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STATE v. WALBRIDGE

June 22, 1990.

STATE OF KANSAS, Appellee,
v.
GILBERT WALBRIDGE, SR., Appellant.



Gilbert Walbridge, Sr., appeals the trial court's order requiring him to serve four months in the custody of the sheriff of Cloud County as a condition of his probation. Walbridge contends the trial court's imposition of four months' jail time as a condition of probation was illegal.

K.S.A. 1989 Supp. 21-4603(2) provides in relevant part:
"Whenever any person has been found guilty of a crime, the court may adjudge any of the following:
"(a) Commit the defendant to the custody of the secretary of corrections or, if confinement is for a term less than one year, to jail for the term provided by law;

[14 Kan. App. 2d 484]

     

  "(b) impose the fine applicable to the offense;

 
"(c) release the defendant on probation subject to such conditions as the court may deem appropriate, including orders requiring full or partial restitution;
"(d) suspend the imposition of the sentence subject to such conditions as the court may deem appropriate, including orders requiring full or partial restitution;
"(e) assign the defendant to a community correctional services program subject to such conditions as the court may deem appropriate, including orders requiring full or partial restitution;
"(f) assign the defendant to a conservation camp for a period not to exceed 180 days;
"(g) assign the defendant to a house arrest program pursuant to K.S.A. 21-4603b; or
"(h) impose any appropriate combination of (a), (b), (c), (d), (e), (f) or (g)."
  Walbridge argues that the trial court inappropriately combined (a) and (c) because probation and incarceration are mutually exclusive. He argues that, once the trial court decided incarceration was appropriate, its only option was to commit him to the Secretary of Corrections under (a). Further, Walbridge argues the definition of probation, under K.S.A. 21-4602, precludes imprisonment. That statute provides:
 
"`Probation' means a procedure under which a defendant, found guilty of a crime upon verdict or plea, is released by the court after imposition of sentence, without imprisonment, subject to conditions imposed by the court and subject to the supervision of the probation service of the court."
  Here, the trial court clearly indicated it was not imprisoning Walbridge on his sentence. Rather, as a condition of probation, the court was requiring him to serve jail time.

  K.S.A. 21-4610 addresses the conditions the trial court may impose when probation is granted. That statute provides, in relevant part: "(1) Except as required by subsection (4), nothing in this section shall be construed to limit the authority of the court to impose or modify any general or specific conditions of probation." Further, the statute provides: "(3) The court may impose any conditions of probation . . . that the court deems proper."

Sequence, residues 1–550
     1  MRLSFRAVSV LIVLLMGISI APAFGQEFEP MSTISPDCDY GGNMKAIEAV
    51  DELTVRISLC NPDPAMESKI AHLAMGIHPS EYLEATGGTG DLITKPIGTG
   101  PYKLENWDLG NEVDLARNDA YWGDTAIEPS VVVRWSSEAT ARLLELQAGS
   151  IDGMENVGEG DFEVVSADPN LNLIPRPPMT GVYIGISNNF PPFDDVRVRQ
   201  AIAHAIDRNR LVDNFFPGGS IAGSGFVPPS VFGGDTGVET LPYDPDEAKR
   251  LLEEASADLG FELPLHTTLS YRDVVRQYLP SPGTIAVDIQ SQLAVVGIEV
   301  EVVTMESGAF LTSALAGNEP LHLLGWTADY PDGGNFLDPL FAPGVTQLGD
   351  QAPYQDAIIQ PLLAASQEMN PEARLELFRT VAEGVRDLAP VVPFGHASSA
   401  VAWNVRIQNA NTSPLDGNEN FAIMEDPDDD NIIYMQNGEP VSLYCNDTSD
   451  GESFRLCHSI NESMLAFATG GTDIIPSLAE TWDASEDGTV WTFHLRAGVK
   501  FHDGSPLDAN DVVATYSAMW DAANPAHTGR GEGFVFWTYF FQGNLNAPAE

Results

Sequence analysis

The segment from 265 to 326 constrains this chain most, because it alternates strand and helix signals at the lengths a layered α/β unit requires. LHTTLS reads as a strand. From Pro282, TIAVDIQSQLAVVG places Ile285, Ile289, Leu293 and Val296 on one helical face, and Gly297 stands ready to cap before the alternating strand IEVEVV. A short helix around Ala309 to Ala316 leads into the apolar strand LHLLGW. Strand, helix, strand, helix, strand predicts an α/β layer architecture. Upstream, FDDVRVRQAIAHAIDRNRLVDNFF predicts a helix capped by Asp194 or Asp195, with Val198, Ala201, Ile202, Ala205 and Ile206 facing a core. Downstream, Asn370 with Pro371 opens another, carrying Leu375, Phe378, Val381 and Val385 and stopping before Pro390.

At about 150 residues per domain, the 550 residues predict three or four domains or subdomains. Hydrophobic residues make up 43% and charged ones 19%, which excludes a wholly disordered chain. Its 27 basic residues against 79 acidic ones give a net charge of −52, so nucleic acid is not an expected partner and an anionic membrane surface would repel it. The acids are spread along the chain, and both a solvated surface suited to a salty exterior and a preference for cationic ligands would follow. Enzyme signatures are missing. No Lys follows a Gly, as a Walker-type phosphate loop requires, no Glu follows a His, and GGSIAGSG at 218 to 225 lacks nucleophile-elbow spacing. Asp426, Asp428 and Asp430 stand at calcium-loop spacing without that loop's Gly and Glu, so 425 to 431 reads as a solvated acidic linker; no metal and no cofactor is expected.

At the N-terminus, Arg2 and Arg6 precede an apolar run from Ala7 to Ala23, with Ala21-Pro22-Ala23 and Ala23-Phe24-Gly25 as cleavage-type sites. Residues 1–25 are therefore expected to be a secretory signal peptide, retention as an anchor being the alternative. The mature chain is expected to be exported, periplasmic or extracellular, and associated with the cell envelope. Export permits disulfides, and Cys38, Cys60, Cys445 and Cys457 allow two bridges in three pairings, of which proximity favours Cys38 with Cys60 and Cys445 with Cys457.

Prior decisions have interpreted K.S.A. 21-4610 broadly. "The trial court has broad authority under 21-4610 to impose or modify any general or specific conditions of probation." State v. Garrett, 14 Kan. App. 2d 8, 11, 780 P.2d 168 (1989). "The trial court has broad powers to impose probation conditions designed to serve

[14 Kan. App. 2d 485]

      the accused and the community. [Citation omitted.] Setting the conditions of probation lies within the sound discretion of the trial court." State v. Mosburg, 13 Kan. App. 2d 257, 258, 768 P.2d 313 (1989).

  In In re McClane, 129 Kan. 739, 284 P. 365 (1930), defendant was granted parole upon his own request. As a condition of that parole, McClane was required to serve six months in the county jail. On appeal, the Kansas Supreme Court did not have to reach the issue of the legality of that condition. The court implied, however, that such a condition would be within the sound discretion of the trial court when it said: "We do not wish to go so far in this case as to approve the confinement in jail as a condition and restriction of parole, although R.S. [1923,] 62-2202 gives wide latitude and discretion to the trial court in such matters." McClane, 129 Kan. at 741.

  In State v. Fowler, 238 Kan. 326, 710 P.2d 1268 (1985), the Supreme Court was faced with several questions concerning the trial court's power to commit a defendant to the custody of a community corrections center and whether time spent in such centers should be awarded to a defendant as jail time credit. The court held: "If a trial court actually imposes a sentence of commitment and desires to place the defendant in a community corrections center, it may do so only by placing the defendant on probation and making confinement in the community corrections center a condition of his probation." Fowler, 238 Kan. 326, Syl. ¶ 2.

  Further, the court held: "K.S.A. 21-4614 does not authorize or require jail time credit to be awarded a defendant convicted of a felony during the period of time the defendant resides at a community corrections facility on order of the trial court as a condition of probation." Fowler, 238 Kan. 326, Syl. ¶ 5.

  In dicta, the court alluded to the legality of jail time as a condition of probation when it said: "There is no statute which provides that a defendant shall have credit for time spent in confinement as a condition of probation required by the trial court." Fowler, 238 Kan. at 338. Fowler seems to have been modified by the legislature when it added section (2)(e) to K.S.A. 1989 Supp. 21-4603. That ...


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